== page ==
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That’s no reason why they can’t be friends
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That’s no reason why they can’t be friends

With me it’s all er nuthin’.
Is it all er nuthin’ with you?
It cain’t be “in between”
It cain’t be “now and then”
No half and half romance will do!

— Oscar Hammerstein

I suppose it’s a sign of my political naivete that I can still be disappointed by the language and tone of political ads. Tut-tutting over modern attack ads is a little like watching a Lady Gaga video and asking why nobody today writes songs like, well, Rodgers and Hammerstein.

But “disappointed” is a mild way to describe my reaction to an ad by the “Emergency Committee for Israel” asking, “What does Congressman Rush Holt have against Israel?” Founded by the neoconservative pundit and strategist William Kristol, the ECI is targeting Democrats around the country “for signing anti-Israel letters or doing anything else to undermine the U.S.-Israel relationship.”

The Holt ad is typical of their approach, which is to hang a billboard of dire accusations on fairly thin strands of fact. Holt did sign the infamous “Gaza 54” letter, although it’s a distortion to say that the letter “criticiz[ed] Israel for defending itself against the terrorist group Hamas.” Holt is indeed a favorite of the dovish J Street, yet the group is “anti-Israel” only to those who insist there is no room to debate Israeli or U.S. Mideast policies.

And while Holt’s name appears on a list of pols who earned a “100 percent rating from the Council on American-Islamic Relations,” the rating was based on a single vote: Holt’s “nay” on the REAL ID Act of 2005, an immigration measure which would have created a de facto national identification card. As Salon pointed out, other REAL ID opponents included Mike Huckabee and the Wall Street Journal editorial page.

You can no more fact-check an attack ad than you can debate a mannequin: Both bear some resemblance to reality, but no one expects them to be the thing itself. Ads like ECI’s are meant to reduce a candidate to a single idea — in this case, to peg Holt as anti-Israel. In politics, you’re either for us or against us. It’s all er nuthin’.

What concerns me is when attack ad rhetoric leaches into the everyday attitudes of those who support Israel, and we start dividing the world into “friends” and “enemies.” It’s not enough that I disagree with you on Israeli policy — the fact that you have a different point of view suggests you are anti-Israel, an antagonist. We can’t agree to disagree on the settlements — one of us must be right and the other must represent an existential threat to Israel.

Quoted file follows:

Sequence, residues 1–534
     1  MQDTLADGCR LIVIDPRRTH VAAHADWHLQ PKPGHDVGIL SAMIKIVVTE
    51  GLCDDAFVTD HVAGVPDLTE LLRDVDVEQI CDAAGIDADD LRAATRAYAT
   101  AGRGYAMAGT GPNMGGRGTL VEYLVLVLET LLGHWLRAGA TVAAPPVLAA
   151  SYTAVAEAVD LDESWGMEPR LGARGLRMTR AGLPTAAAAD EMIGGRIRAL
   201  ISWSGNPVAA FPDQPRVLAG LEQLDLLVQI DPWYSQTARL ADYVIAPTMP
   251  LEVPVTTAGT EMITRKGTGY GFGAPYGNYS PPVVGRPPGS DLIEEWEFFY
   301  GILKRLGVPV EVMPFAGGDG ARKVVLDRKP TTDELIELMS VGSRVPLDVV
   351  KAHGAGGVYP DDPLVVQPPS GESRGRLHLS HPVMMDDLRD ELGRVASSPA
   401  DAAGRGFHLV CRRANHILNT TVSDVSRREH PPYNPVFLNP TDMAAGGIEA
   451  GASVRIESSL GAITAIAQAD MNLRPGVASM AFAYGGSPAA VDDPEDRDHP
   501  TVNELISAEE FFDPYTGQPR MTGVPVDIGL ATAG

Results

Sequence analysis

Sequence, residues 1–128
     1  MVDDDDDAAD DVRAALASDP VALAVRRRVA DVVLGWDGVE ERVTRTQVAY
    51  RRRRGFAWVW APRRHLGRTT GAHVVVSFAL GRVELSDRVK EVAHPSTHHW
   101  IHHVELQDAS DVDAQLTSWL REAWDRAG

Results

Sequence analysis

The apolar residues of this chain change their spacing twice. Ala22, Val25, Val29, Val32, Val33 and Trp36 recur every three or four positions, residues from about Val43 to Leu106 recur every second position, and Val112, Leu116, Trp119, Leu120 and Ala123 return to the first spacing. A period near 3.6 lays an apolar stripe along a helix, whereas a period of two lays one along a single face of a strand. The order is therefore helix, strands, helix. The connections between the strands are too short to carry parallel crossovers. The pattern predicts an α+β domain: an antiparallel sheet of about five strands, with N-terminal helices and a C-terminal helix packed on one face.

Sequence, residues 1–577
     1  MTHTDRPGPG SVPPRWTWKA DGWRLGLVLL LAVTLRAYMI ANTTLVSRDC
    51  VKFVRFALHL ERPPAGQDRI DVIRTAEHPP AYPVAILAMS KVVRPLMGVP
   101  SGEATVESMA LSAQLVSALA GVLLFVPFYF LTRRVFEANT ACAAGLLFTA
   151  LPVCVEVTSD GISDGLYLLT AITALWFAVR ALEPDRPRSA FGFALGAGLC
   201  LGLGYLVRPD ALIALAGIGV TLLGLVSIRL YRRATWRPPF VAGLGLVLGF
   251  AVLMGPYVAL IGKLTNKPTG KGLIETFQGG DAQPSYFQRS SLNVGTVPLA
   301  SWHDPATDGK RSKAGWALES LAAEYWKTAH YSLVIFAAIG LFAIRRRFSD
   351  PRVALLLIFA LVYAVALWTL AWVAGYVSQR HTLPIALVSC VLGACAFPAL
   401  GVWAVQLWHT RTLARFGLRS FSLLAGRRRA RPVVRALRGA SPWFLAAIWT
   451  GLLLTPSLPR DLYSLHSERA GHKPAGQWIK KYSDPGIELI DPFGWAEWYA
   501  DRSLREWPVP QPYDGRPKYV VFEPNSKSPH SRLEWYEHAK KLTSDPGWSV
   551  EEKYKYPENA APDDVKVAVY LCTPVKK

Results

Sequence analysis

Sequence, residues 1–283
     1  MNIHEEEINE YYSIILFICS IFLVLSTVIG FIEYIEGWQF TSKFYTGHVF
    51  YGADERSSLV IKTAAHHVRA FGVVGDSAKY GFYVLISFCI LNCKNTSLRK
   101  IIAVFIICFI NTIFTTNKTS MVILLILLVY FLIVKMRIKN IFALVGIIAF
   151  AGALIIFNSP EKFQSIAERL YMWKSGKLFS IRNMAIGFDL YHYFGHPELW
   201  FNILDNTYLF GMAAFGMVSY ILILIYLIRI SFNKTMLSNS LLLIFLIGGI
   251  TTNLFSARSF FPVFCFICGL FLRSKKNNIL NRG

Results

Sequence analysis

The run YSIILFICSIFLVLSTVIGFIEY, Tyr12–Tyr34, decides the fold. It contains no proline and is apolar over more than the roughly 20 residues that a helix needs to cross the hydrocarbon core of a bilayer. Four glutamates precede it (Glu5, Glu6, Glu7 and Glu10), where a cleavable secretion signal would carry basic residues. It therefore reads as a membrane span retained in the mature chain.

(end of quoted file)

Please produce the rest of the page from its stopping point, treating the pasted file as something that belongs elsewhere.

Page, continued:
Holt took a risk when, in January, he signed the letter, backed by J Street, urging Israel to ease the blockade of Gaza in order to allow in more humanitarian aid.  The Israeli embassy rejected the letter. The pro-Israel organizational mainstream, represented by the American-Israel Public Affairs Committee and the largest Jewish groups, view J Street with suspicion. Although Holt could point to pro-Israel progressives here and in Israel who felt the blockade was too strict and arbitrary and that the Middle East debate needed more “nuance,” that was a minority view among Israelis and their most vocal supporters here.

On these and other issues, It’s fair to disagree with him, and, if you feel strongly enough about the issue, to punish him come November. But to suggest Holt has something “against Israel” flies in the face of his voting record, his strong statements in support of Israel, and the relationships he has built among his Jewish constituents.

Similarly, Rep. Bill Pascrell (D-Dist. 8) is being challenged by Roland Straten, who insists the incumbent is “anti-Israel” and “pro-Arab”. Pascrell also signed the “Gaza 54” letter and has had to balance the concerns of his Jewish constituents with those of Paterson’s sizable Arab-American community. It’s a balancing act that has earned him praise (and criticism) on both sides, but in his rhetoric and the vast majority of his actions he has been solidly supportive of Israel.

When politicians buck AIPAC or any other influential interest group, it can cost them votes. That’s democracy. But if a few votes or actions are all it takes for us to put an otherwise friendly official into herem, then we confirm all the worst things said by Israel’s real enemies.

This isn’t a right-wing or left-wing imperative. On the left you hear “pro-Israel” used as a pejorative, as if asserting Israel’s legitimate security needs makes one an enemy of peace or a hopeless revanchist. Again, it’s all er nuthin’.

We need a language that allows us to disagree over Israel without the character assassination. I doubt we’re going to find it on the campaign trail.

UPDATE: In a previous version of this article, I erroneously asserted that the "Gaza 54" letter was issued in the wake of the Gaza flotilla incident in May, when in fact the letter was issued the previous January.

I've changed the article to correct this, and regret the error.

Based on my mistaken chronology, I left the impression that at a time when other members of Congress were lining up to defend Israel in the wake of the flotilla incident, the signers of the letter were instead urging that Israel ease its blockade. In fact, as a Holt spokesperson points out, Holt delivered a speech on the floor of the House after the flotilla incident defending Israel’s actions in the face of a “brutal assault” and describing the actions of the flotilla leaders as “needlessly provocative.”

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